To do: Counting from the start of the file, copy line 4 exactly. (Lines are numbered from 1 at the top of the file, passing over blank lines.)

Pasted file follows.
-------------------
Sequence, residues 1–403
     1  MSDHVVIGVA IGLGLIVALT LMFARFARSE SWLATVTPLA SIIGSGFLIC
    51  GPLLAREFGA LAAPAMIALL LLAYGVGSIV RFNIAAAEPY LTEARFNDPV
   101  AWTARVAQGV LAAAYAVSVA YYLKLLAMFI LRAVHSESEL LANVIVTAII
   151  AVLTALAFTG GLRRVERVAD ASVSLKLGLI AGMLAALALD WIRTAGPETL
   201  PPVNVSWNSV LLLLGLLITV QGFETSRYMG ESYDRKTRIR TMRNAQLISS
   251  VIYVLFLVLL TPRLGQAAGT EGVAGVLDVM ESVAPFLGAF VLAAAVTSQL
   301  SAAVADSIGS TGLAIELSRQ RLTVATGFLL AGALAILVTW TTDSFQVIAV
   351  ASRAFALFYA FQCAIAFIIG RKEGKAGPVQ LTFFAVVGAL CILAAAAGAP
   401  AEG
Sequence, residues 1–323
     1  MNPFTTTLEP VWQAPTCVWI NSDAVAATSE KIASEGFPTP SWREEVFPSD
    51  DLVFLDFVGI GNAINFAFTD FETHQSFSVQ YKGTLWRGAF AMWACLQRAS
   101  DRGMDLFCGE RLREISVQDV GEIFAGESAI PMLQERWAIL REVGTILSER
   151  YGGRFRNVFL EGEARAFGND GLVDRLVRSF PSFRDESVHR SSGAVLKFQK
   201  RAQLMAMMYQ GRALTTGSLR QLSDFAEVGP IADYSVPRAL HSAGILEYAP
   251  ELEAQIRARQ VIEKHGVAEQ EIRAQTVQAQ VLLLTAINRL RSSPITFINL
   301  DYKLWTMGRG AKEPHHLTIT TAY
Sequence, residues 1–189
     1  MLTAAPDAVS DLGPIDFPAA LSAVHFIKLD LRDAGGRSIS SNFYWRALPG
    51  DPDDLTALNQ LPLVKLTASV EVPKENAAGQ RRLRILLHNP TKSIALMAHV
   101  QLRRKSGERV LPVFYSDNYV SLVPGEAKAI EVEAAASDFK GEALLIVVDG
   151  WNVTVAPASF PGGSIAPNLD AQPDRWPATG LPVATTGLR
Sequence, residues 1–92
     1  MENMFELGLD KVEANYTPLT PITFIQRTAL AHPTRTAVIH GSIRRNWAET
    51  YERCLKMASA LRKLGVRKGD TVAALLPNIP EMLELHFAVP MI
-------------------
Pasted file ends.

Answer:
   101  AWTARVAQGV LAAAYAVSVA YYLKLLAMFI LRAVHSESEL LANVIVTAII